Comments from EU Commissioner for Trade Karel De Gucht published September 3 provide a glimpse into possible EU directive requirements for conflict minerals regulation, currently under review by the EU.

These comments outline six main points:

  1. That “trade is just one factor among many” and the EU initiative should be framed in a “wider context of a comprehensive approach to break the link between conflict and raw materials.”
  2. It will “build on existing obligations and approaches, rather than coming into conflict with them.”  This refers to OECD’s Due Diligence Framework and Dodd-Frank Section 1502.
  3. “… Avoid creating incentives for companies to stop sourcing minerals from conflict regions altogether” and will actually “provide incentives for companies – to work with primary producers in conflict regions”.
  4. It will be broader in geographic scope than simply the DRC and adjoining countries.  While no countries were named specifically, recent events suggest that Latin America and Indonesia are likely to be high on the list.
  5. It will provide “smelters – the narrowest point in the supply chain – with incentives to carry out due diligence on their upstream suppliers.”
  6. Another major goal is to “avoid any risk to security of supply for the European Union”.

Another Major EU Carbon Trading Fraud Under Investigation

Bloomberg.com reported that earlier this week, European authorities launched a major investigation of several large companies that are thought to have played a role in a system of fraud and tax evasion that may have impacted 7% of the total CO2 emissions trading market for 2009 in the EU.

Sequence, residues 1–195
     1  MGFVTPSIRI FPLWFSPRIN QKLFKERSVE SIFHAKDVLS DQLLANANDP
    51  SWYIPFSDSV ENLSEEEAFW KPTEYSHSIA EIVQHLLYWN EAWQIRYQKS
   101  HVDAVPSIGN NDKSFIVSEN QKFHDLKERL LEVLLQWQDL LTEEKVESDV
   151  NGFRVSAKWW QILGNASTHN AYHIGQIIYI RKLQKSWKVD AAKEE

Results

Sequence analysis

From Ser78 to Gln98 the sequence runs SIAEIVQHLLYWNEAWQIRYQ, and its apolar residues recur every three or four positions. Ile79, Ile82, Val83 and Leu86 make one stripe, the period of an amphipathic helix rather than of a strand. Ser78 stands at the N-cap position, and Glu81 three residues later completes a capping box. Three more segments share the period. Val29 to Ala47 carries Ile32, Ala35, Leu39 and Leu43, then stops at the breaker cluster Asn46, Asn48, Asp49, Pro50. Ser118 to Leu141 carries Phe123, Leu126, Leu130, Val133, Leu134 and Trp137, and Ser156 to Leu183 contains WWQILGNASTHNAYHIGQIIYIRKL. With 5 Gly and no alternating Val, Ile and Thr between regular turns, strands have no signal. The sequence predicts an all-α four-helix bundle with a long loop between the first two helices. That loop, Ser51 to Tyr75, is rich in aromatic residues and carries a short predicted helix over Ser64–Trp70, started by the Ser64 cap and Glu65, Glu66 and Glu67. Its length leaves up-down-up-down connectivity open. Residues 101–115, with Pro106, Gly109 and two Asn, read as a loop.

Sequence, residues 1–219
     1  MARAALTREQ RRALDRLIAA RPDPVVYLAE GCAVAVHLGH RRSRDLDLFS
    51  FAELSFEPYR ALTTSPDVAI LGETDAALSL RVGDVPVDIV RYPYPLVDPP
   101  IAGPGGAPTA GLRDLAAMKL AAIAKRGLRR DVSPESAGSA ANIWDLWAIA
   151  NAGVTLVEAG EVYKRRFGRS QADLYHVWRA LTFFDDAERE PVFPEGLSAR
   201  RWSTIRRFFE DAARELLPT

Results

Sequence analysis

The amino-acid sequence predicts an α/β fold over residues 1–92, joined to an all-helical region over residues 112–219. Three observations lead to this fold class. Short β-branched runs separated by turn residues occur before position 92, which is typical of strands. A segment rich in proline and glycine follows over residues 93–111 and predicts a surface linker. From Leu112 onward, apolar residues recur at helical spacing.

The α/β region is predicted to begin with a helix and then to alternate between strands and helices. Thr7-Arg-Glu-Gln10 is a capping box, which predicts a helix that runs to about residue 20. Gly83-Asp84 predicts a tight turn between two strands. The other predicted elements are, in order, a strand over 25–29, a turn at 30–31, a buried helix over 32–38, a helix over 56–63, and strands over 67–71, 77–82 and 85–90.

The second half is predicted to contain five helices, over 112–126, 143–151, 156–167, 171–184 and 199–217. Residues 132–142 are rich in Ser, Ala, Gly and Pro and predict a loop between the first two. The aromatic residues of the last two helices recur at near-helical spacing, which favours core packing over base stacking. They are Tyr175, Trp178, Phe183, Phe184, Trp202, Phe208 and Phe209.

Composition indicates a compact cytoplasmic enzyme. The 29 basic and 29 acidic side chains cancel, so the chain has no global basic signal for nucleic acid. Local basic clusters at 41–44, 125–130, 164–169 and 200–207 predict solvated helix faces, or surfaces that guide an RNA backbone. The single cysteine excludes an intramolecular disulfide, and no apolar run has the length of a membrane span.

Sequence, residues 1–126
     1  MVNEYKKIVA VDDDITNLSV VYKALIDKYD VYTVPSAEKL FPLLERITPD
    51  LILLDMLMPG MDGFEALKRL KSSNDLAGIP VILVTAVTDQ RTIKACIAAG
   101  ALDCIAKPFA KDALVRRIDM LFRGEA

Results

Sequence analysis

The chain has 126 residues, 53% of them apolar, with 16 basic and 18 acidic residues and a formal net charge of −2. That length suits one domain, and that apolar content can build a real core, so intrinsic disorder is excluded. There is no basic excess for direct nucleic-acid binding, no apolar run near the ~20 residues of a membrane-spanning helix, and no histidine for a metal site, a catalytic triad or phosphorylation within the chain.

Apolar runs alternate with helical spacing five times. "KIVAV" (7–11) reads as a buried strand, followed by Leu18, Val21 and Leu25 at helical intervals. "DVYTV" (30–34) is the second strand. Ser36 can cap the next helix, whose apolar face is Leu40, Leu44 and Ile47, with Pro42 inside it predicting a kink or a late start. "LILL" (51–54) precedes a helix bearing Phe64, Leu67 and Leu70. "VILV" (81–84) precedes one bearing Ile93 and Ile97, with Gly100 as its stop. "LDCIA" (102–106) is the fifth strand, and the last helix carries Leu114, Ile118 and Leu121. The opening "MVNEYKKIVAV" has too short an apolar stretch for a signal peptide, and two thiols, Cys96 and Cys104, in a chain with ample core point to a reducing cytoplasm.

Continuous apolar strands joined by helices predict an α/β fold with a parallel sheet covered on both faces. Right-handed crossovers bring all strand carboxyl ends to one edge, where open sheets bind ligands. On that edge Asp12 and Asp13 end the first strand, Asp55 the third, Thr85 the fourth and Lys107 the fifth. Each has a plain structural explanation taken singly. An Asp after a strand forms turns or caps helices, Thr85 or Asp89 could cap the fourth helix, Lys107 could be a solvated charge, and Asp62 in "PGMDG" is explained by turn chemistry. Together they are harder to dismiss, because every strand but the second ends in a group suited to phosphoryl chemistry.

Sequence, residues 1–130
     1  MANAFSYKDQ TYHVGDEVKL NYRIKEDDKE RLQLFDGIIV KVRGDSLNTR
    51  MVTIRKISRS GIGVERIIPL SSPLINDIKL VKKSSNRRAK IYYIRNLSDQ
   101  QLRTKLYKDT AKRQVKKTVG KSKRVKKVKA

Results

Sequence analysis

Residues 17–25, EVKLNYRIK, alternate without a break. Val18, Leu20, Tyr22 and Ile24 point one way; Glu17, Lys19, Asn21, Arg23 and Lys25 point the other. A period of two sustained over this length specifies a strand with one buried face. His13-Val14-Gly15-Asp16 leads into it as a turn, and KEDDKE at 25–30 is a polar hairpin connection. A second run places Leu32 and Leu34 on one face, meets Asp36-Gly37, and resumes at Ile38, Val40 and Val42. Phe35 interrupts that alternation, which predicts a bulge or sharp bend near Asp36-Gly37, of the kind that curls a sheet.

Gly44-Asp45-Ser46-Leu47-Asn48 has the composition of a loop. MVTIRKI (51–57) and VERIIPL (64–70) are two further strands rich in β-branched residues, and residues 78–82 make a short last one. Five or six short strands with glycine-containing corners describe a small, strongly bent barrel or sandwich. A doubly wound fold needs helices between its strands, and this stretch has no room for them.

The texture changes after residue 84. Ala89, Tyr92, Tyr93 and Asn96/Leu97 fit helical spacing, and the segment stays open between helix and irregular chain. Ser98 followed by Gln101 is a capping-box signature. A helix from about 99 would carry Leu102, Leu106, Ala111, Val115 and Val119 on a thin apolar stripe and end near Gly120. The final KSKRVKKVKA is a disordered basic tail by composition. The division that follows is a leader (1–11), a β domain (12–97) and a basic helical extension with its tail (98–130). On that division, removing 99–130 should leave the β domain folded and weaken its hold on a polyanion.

Prosecutors and tax investigators yesterday searched Deutsche Bank, HVB Group and RWE AG in a raid on 230 offices and homes to investigate 180 million euros ($238 million) of tax evasion. The probe targeted 150 suspects at 50 companies…

Yesterday’s raids were the biggest related to a fraud that may have tainted an estimated 7 percent of European Union carbon trades in 2009…

About 400 million metric tons of emission trades may have been fraudulent last year, or about 7 percent of the total market, including futures transactions, according to estimates from Bloomberg New Energy Finance.

Europe lost about 5 billion euros in revenue for the 18 months ending in 2009 because of value-added tax fraud in the CO2 market, according to Europol, a European law-enforcement agency.

“Surprised and Concerned” About Illegitimate Government-Sponsored CER Trading?

Environmental Leader has reported

that the Hungarian government sold 2 million previously used CERs, the market became tepid. Then when prices fell from more than 12 euro per credit to less than one euro, trading was suspended on two exchanges, Bluenext and Nord Pool.

The NYT provided more details of the transaction, stating

The credits appear to be part of massive blocks of CERs awarded to Eastern European states and Russia after the collapse of Soviet-era industry.  This created a loophole used by Hungary to reintroduce used CERs back into the market…

Carbon traders said countries like Hungary were exploiting the loophole to earn more money from the carbon trading system than they could by selling the credits that they had previously earned under the Kyoto system…

The traders said at least one other E.U. member state had acted similarly earlier this year.

The EU said they were “surprised and concerned” about the situation.  BusinessWeek quoted others who expressed more urgency about the matter: